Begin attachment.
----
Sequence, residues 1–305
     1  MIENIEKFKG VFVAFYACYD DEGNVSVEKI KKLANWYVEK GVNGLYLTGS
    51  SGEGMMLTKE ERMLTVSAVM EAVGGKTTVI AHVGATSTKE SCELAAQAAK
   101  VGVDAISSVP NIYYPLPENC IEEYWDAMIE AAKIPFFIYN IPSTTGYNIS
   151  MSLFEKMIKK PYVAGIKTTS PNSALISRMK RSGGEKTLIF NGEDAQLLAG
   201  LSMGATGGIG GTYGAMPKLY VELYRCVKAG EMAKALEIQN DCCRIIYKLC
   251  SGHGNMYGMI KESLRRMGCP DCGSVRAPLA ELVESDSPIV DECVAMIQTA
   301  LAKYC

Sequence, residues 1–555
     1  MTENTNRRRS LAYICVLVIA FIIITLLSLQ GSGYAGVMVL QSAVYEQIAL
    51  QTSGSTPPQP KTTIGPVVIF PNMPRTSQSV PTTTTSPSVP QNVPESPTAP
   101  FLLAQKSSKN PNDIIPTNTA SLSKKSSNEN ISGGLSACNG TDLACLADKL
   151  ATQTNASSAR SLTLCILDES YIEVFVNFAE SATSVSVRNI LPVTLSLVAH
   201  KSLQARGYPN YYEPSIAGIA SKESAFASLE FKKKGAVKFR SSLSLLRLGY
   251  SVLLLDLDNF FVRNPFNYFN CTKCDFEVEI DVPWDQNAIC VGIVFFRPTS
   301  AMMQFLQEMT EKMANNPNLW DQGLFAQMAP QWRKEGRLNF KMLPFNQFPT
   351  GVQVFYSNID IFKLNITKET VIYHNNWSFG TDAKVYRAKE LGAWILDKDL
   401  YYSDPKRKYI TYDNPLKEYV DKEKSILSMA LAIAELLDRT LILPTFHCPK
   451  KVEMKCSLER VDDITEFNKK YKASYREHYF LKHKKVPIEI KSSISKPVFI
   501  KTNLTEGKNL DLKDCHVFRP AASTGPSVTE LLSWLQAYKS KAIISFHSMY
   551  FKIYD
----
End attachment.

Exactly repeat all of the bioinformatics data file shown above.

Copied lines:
Sequence, residues 1–305
     1  MIENIEKFKG VFVAFYACYD DEGNVSVEKI KKLANWYVEK GVNGLYLTGS
    51  SGEGMMLTKE ERMLTVSAVM EAVGGKTTVI AHVGATSTKE SCELAAQAAK
   101  VGVDAISSVP NIYYPLPENC IEEYWDAMIE AAKIPFFIYN IPSTTGYNIS
   151  MSLFEKMIKK PYVAGIKTTS PNSALISRMK RSGGEKTLIF NGEDAQLLAG
   201  LSMGATGGIG GTYGAMPKLY VELYRCVKAG EMAKALEIQN DCCRIIYKLC
   251  SGHGNMYGMI KESLRRMGCP DCGSVRAPLA ELVESDSPIV DECVAMIQTA
   301  LAKYC

Sequence, residues 1–555
     1  MTENTNRRRS LAYICVLVIA FIIITLLSLQ GSGYAGVMVL QSAVYEQIAL
    51  QTSGSTPPQP KTTIGPVVIF PNMPRTSQSV PTTTTSPSVP QNVPESPTAP
   101  FLLAQKSSKN PNDIIPTNTA SLSKKSSNEN ISGGLSACNG TDLACLADKL
   151  ATQTNASSAR SLTLCILDES YIEVFVNFAE SATSVSVRNI LPVTLSLVAH
   201  KSLQARGYPN YYEPSIAGIA SKESAFASLE FKKKGAVKFR SSLSLLRLGY
   251  SVLLLDLDNF FVRNPFNYFN CTKCDFEVEI DVPWDQNAIC VGIVFFRPTS
   301  AMMQFLQEMT EKMANNPNLW DQGLFAQMAP QWRKEGRLNF KMLPFNQFPT
   351  GVQVFYSNID IFKLNITKET VIYHNNWSFG TDAKVYRAKE LGAWILDKDL
   401  YYSDPKRKYI TYDNPLKEYV DKEKSILSMA LAIAELLDRT LILPTFHCPK
   451  KVEMKCSLER VDDITEFNKK YKASYREHYF LKHKKVPIEI KSSISKPVFI
   501  KTNLTEGKNL DLKDCHVFRP AASTGPSVTE LLSWLQAYKS KAIISFHSMY
   551  FKIYD